Ask Sam Olson: How Do I Find The Right Running Shoe?

When Summit patient and runner Julio Salazar was treated for a progressive running injury, he quickly learned that he was choosing his running shoes for all the wrong reasons. Physical therapist Sam Olson reviews the factors to consider when choosing the right running shoe.

Long night runs and weekend races are an important part of Julio Salazar’s life. He treasures the solitude and peace that he finds when he runs, and he uses his passion for running to raise awareness for another of his passions: educating his community about mental illness disorders and confronting stigmas about mental diseases.

When a long term running injury brought Julio to Summit, his treatment went beyond healing his injury. He also learned that running form—and his running shoes—play important roles in protecting himself from injury.

Julio walked into his first appointment at Summit wearing a new pair of expensive running shoes. “My doctor looked at my shoes and told me they were really bad for me,” Julio laughs. “I said, ‘What! They are super beautiful! I just bought them!’

“Shoes are a tool that can influence a runner’s form,” says Summit physical therapist Sam Olson. “Different runners respond differently to different footwear. There’s no “one size fits all” approach. Individual comfort is the best indicator that you are in the right shoe, but keep in mind that correct running form is much more important than your shoe. Your stride characteristics, muscle strength, muscular recruitment patters, and muscular coordination are the most important elements for injury-free running.”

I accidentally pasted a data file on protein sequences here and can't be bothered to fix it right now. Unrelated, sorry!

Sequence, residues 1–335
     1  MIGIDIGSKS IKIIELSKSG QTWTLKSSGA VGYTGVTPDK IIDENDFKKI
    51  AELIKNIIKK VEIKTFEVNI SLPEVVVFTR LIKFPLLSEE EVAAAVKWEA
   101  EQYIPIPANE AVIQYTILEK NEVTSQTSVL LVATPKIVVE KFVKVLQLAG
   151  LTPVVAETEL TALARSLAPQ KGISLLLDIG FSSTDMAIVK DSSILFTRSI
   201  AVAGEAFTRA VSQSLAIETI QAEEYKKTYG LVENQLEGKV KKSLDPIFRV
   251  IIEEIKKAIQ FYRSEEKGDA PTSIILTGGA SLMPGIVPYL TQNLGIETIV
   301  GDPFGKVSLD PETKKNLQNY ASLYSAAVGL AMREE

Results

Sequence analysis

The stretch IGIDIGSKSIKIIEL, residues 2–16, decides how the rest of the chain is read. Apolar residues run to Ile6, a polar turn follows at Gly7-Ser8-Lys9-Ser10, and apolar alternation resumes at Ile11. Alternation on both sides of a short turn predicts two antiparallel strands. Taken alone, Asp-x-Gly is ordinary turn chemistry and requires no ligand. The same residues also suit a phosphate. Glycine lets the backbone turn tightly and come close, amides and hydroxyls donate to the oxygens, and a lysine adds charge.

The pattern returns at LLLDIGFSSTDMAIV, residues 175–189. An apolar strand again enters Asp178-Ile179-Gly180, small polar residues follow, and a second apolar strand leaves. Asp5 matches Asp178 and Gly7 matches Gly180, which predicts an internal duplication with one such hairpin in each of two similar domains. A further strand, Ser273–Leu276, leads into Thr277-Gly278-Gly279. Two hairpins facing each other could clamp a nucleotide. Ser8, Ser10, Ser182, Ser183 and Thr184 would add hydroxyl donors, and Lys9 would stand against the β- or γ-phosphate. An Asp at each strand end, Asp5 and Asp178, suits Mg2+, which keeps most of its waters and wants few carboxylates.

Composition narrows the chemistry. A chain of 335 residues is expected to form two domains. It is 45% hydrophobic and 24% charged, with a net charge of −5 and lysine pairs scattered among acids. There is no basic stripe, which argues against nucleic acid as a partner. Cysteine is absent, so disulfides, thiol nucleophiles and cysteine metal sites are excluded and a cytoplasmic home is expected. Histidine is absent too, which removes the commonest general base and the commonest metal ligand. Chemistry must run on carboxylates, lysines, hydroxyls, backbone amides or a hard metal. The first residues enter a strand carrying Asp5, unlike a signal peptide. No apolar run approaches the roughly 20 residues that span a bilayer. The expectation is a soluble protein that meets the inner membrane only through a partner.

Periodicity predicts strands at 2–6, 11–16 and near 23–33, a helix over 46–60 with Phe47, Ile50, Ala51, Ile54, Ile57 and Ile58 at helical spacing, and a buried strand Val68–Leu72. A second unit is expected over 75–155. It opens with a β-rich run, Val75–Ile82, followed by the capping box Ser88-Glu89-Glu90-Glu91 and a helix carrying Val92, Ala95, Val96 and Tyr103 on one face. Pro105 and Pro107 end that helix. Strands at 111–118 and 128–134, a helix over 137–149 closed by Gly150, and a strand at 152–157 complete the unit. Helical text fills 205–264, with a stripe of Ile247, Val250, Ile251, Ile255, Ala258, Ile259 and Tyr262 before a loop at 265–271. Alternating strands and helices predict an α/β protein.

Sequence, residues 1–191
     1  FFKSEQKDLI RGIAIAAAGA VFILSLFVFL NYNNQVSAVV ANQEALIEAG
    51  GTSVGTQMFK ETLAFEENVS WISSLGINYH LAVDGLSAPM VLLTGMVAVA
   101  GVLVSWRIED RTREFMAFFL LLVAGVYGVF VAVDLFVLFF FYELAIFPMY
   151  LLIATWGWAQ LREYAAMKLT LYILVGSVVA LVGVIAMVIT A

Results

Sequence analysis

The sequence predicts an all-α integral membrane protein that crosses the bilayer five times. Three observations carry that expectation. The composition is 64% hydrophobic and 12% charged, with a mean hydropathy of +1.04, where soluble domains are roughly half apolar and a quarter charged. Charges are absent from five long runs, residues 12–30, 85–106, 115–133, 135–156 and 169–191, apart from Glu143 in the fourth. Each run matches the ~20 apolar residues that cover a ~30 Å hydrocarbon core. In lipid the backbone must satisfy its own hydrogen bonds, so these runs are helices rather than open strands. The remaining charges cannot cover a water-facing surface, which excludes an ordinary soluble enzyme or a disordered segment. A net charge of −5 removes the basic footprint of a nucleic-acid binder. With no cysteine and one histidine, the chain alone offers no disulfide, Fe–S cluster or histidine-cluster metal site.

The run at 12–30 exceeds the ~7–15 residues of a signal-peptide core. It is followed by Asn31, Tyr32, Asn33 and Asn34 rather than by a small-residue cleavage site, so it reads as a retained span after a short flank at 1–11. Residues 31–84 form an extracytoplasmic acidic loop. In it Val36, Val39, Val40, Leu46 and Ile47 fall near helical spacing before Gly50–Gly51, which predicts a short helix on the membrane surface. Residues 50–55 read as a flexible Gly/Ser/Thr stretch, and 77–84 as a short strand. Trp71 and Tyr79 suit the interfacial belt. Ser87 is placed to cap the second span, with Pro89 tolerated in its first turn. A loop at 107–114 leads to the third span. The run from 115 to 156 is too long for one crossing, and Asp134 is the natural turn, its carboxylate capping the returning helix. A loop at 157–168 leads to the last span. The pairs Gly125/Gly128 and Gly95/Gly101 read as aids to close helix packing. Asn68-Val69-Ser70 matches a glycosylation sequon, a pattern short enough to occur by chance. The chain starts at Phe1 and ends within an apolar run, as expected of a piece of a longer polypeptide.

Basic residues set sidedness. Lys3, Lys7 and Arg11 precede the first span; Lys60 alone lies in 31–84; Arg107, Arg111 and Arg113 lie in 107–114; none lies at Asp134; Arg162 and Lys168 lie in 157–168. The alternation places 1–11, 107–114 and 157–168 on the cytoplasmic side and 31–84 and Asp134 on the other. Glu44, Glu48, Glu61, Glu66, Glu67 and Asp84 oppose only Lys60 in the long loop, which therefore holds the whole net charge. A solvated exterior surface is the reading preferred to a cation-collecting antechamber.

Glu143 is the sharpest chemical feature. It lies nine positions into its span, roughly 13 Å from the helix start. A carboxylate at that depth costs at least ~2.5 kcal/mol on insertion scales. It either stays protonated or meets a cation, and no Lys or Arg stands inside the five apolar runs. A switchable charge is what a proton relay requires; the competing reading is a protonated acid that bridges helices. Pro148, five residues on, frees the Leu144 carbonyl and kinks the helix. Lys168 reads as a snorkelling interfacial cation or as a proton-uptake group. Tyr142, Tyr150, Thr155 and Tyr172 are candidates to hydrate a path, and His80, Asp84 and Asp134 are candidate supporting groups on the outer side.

“Currently, shoes are “prescribed” based on arch shape,” Sam notes. “This may not be the most accurate way to select shoes, or the most beneficial in preventing injuries.” The American College of Sports Medicine does advocate the following footwear recommendations:

  • Look for a minimal heel-to-toe drop. There should be less than 6mm difference between the heel height and the forefoot height. If you are making a transition into a shoe with a lower “drop,” you’ll need more time to transition safely, and may want to seek knowledgeable instruction.
  • Give preference to a shoe that is neutral, as opposed to a shoe with excessive stability elements.
  • Choose a lightweight shoe. Men’s size nine shoes should weigh 10 oz or less. Women’s size eight shoes should weight no more than 8 oz.
  • Make sure the toe box is wide enough to allow your toes to spread normally.

Julio learned that the toe box of his shoe was too wide for his foot. Summit taught him to make fit the first priority. “A number of local running stores will allow runners to take shoes home and run on a treadmill with them to test fit,” he says. “If the shoes don’t feel good, you can take them back. I used to go for looks and pretty colors.” Julio grins. “Now, I don’t care how my shoes look. I buy the running shoes that wraps around my foot and fits like it was made for me.”

“When you come to Summit Orthopedics to see a doctor or physical therapist who specializes in running and prevention of running injuries, we’ll give footwear recommendations based on your previous injury history, your body’s strengths and weaknesses, dynamic control, and your running stride characteristics,” says Sam. “We are happy to help guide you to the best shoe for you, and get you back to running at your highest potential.”

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